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CoverScan

Here is a scan of an album cover. The scanner creates bands of colour streaking at regular intervals horizontally across the image.

Is it possible to eliminate these artifacts using Photoshop, so that the colour of the card stock is even, all without affecting the textures? Use of the clone tool, patch tool, etc are not permissible.

Edit: The colour streaking is likely a hardware issue, as I have cleaned every inch of the glass multiple times (both sides), and cleaned the calibration target as well. I can't replace the scanner anytime soon.

Edit: Upon further investigation, I've noticed that this phenomenon hasn't occurred on every album cover that I have scanned. I scanned the other three sleeves from this album, one bright orange, one yellow, and one green. Curiously, the banding only occurs on the pink and the orange sleeves. I tried scanning them in grayscale, but banding still resulted.

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  • Hi. Welcome to GDSE. Why is the use of the clone tool or patch tool not permissible? What have you tried? What has failed?
    – Billy Kerr
    Aug 7, 2023 at 14:50
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    Also why not mask black and use solid colors?
    – joojaa
    Aug 7, 2023 at 14:54
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    I would scan to get the black... eliminating the pink.. then add a solid pink once I have a good scan of the black.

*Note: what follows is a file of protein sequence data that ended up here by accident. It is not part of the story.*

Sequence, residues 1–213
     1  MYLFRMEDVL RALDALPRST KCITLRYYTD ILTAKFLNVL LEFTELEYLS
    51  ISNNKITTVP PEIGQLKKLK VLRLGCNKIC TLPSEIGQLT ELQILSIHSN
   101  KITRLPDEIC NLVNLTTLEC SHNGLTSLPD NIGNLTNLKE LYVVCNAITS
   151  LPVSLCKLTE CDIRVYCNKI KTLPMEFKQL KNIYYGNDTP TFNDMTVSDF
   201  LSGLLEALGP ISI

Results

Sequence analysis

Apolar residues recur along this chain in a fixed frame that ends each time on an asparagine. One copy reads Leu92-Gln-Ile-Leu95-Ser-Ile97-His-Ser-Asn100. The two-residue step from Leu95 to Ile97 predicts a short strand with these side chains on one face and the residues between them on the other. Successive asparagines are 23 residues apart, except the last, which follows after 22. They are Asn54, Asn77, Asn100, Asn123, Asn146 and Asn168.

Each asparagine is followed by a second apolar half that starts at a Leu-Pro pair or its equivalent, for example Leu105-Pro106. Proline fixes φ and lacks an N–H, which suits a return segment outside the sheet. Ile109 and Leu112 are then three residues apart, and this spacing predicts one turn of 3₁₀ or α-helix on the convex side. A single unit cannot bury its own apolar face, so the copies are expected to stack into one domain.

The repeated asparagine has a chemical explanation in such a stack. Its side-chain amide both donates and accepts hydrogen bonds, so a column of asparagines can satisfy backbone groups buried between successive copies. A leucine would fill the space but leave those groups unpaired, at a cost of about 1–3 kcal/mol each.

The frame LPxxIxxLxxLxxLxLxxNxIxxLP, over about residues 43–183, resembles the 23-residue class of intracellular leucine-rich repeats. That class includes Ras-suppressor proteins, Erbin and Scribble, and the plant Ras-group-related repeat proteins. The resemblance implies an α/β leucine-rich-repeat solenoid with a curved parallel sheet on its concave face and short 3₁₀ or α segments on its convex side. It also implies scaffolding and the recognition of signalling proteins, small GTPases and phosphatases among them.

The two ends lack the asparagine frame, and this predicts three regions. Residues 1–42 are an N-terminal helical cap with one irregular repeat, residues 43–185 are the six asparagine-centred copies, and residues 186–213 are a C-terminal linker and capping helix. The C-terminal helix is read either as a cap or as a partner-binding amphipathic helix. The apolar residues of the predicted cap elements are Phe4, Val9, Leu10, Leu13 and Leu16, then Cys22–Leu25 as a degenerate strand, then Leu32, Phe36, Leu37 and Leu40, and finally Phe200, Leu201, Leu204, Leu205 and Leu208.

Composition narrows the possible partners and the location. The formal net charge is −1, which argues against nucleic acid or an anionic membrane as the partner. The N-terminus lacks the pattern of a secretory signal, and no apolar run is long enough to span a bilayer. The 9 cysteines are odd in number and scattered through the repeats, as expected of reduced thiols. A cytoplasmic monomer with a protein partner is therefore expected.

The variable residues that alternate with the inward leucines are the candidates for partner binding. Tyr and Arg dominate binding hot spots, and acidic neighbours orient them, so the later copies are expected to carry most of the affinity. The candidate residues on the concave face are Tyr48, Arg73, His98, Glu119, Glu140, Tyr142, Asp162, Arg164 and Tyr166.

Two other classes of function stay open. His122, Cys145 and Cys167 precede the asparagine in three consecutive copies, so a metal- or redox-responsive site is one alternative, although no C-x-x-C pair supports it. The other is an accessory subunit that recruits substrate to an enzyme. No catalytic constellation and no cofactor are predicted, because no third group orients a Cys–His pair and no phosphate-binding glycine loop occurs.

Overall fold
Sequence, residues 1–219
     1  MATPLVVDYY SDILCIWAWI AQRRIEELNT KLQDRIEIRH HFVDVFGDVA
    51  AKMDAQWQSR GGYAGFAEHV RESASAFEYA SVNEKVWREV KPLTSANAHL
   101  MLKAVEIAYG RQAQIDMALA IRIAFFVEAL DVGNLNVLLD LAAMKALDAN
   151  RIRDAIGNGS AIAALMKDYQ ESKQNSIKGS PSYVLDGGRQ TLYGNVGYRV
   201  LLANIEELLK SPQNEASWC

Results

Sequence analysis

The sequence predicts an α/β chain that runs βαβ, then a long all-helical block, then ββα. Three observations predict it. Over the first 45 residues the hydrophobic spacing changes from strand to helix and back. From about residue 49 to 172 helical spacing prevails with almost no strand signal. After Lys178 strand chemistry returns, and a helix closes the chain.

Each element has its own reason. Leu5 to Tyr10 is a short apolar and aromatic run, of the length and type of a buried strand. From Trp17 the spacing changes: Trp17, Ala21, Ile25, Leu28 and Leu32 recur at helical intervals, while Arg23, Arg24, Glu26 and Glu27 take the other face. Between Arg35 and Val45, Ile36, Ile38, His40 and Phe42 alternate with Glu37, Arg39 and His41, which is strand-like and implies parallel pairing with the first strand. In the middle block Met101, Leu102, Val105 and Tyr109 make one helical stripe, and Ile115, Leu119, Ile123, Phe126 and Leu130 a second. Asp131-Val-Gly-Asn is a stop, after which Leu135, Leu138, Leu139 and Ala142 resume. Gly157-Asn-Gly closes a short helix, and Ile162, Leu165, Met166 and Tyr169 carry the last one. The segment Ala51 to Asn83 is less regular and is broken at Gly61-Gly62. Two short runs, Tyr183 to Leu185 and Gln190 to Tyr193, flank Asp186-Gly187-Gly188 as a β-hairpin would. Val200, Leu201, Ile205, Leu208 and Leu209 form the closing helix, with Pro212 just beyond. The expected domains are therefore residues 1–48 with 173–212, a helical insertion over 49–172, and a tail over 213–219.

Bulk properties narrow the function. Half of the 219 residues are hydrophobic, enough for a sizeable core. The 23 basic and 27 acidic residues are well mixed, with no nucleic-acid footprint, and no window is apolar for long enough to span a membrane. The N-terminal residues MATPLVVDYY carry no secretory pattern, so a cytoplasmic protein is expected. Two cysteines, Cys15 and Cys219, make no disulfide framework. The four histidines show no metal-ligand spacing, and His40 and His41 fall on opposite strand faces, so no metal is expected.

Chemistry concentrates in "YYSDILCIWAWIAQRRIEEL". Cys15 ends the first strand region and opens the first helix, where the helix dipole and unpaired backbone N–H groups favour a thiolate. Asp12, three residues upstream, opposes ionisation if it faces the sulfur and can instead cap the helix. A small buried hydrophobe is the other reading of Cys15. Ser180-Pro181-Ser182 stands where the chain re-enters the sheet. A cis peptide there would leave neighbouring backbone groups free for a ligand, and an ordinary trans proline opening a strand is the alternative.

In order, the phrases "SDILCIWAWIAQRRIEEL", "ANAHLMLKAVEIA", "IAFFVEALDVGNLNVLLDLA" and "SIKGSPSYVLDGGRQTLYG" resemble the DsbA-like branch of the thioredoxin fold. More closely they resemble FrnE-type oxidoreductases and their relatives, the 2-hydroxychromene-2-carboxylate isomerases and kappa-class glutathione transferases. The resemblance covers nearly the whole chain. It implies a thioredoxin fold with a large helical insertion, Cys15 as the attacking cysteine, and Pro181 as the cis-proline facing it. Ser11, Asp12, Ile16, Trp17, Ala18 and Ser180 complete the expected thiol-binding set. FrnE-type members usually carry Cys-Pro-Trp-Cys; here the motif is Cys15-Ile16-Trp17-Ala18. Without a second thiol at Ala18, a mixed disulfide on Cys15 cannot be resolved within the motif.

– Scott
    Aug 7, 2023 at 18:22
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    You have 2 conflicting targets you want to preserve the scan and eliminate the halftones. Which is it? Which do you want to do have as much of a reproducible artwork or preserve as much out of the scan as possible. If later then you need a higher quality scan.
    – joojaa
    Aug 8, 2023 at 5:53
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    By the way if you did masking way you'd get this in a minute: i.sstatic.net/4JzBF.png ive added the texture back a little, you can offcourse add as miuch as you want. Results would be superior if i didn't have a very compressed low res jpeg to work with.
    – joojaa
    Aug 8, 2023 at 6:00

2 Answers 2

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The issue is there are real world limitations in play that you may be unaware of. It's not as simple as "tweaking" a setting anywhere. Because of these limitations, it is going to most likely take more work than simply scanning and being done.

What you see as a solid pink.. is most likely not actually a solid pink. Printed items are created with a combination of cyan, magenta, yellow, and black dots like this:

enter image description here
https://www.istockphoto.com/photo/abstract-artistic-halftone-pattern-illustration-gm1026102792-275201376?phrase=cmyk+dots

The human eye then "blends" the dots to create an appearance of a solid color. You can use a loupe or magnifying glass on printed materials to see the actual dots.